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1 June 2005 BioBriefs
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Until modern times, usable (fixed) nitrogen was hard to come by in many ecosystems. Plants adapted in various ways to overcome this limitation, but since people began using fertilizers and burning fossil fuels, the amount of nitrogen available in ecosystems has increased dramatically. Much of this nitrogen can't be absorbed, and the excess washes into waterways, causing eutrophication in aquatic systems. The nitrogen that is taken up in terrestrial ecosystems has major impacts there: primary productivity increases, but plant diversity declines.

How does nitrogen enrichment cause species to disappear? Katharine Suding of the University of California–Irvine, Scott Collins of the University of New Mexico, and six of their colleagues have addressed this question through experiments at multiple sites in nine temperate ecosystems across North America. Their study, which was published in the 22 March issue of Proceedings of the National Academy of Sciences, ranged from arctic tundra to annual grassland to salt marsh.

Over 900 species at 34 experimental sites were characterized and counted in plots with and without nitrogen fertilization. The researchers examined the patterns of fertilization-related decline in the different ecosystems to determine whether the relative abundance of species plays a significant role (random-loss hypothesis), or whether there are functional traits of species related to their decline (mechanism-based hypotheses). The six functional categories included broad groupings: photosynthetic pathway (C3 or C4 grasses), association with nitrogen-fixing symbionts, annual or perennial life history, height with respect to the canopy, type of growth form (clonality), and native or nonnative origin.

Increased productivity from nitrogen fertilization had the greatest impact on rare species. More than 60 percent of the species that were least abundant initially were lost, while only 10 percent of the more abundant species disappeared, though there were local extinctions in this group as well. The abundance-based loss of species was nearly universal for all ecosystem types. Fertilization in the arctic tundra, for example, gave a single species an enormous boost and reduced diversity dramatically.

Some functional mechanisms also played a role, after initial abundance was taken into account, but they were more system specific. Added nitrogen in tall-grass prairie favored a shift from herbaceous plants (forbs) with nitrogen-fixing bacteria to those without. But there was not a concomitant shift to competition for light, as one hypothesis predicts: lower-canopy species were not more likely to be lost than upper-canopy species, once initial abundance was taken into account. Some trait categories, particularly when taken together, were indicative of the species likely to be lost: species of sand prairie plants that are perennial, clonal, and native were more likely to be lost than faster-growing non-natives when fertilized.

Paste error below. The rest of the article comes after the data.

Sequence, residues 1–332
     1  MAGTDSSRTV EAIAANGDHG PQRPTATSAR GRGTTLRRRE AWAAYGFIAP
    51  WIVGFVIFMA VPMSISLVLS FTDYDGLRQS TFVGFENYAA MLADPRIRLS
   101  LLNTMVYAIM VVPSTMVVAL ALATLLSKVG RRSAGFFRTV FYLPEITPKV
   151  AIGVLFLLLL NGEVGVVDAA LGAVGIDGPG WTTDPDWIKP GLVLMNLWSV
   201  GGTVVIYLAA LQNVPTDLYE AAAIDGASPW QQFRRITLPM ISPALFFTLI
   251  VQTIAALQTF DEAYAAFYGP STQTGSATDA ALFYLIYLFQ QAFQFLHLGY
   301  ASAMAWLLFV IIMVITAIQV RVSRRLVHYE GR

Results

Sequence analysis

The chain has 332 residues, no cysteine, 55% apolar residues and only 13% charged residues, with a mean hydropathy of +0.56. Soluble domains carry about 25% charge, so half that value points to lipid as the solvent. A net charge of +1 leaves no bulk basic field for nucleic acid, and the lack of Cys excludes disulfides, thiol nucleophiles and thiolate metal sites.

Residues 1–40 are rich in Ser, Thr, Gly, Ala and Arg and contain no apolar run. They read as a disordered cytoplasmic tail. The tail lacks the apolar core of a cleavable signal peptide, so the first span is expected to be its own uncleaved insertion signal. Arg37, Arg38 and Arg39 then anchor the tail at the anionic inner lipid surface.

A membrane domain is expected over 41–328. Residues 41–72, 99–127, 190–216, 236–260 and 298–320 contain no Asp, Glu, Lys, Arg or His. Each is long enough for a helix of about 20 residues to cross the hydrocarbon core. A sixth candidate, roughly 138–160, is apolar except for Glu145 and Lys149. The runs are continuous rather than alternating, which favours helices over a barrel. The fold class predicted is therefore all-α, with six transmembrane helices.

These findings, the authors conclude, can be used to counteract the effects of increases in production and halt declining plant diversity. Management strategies to protect and enhance abundance of rare species should be applied on a global scale, and strategies to preserve functional groups should be applied locally.


The rich floral diversity of South America is legendary, but the conditions that gave rise to such diversity have been a mystery. Now the Patagonian desert is providing glimpses of the lush forests that existed long ago, revealing a richer past than previously recognized.

Patagonia, Argentina, has long been known for its fossil troves, but until recently few scientists have studied the assemblages in detail. Peter Wilf, of Pennsylvania State University, and his colleagues from North and South America have excavated thousands of new specimens from two major sites in Patagonia and begun to identify the large variety of species found there. Their quantitative methods and analyses, published in American Naturalist this month, help to draw a more detailed picture of life in subtropical regions of South America 50 million years ago (mya).

The more than 4000 fossil specimens collected at Laguna del Hunco [Lake of Reeds], including leaves, fruits, seeds, and flowers, have so far yielded 186 species. From estimates based on the growing number of species that were found as the sampling effort increased, this represents a much greater diversity yet to be recovered. The Laguna del Hunco sites have been dated to about 52 mya, and 160 kilometers to the northwest, the sites at Rio Pichileufu [Little River] have been dated to 47.5 mya. The intervening 4.5 million years show that the high diversity found at these locations persisted for a very long time.

The large sample size and high number of species allow scientists to estimate the mean annual precipitation and mean annual temperature within a few degrees. The estimates from these sites indicate a moist climate with ample rainfall year-round and average temperatures around 16 degrees Celsius, with winter temperatures well above freezing. The diversity of species preserved also indicates these forests were a mix of tropical and temperate plants, a wealth of biodiversity reaching back to the period of warming between the Paleocene and Eocene epochs.

CATHY LUNDMARK "BioBriefs," BioScience 55(6), 544, (1 June 2005).[0544:B]2.0.CO;2
Published: 1 June 2005

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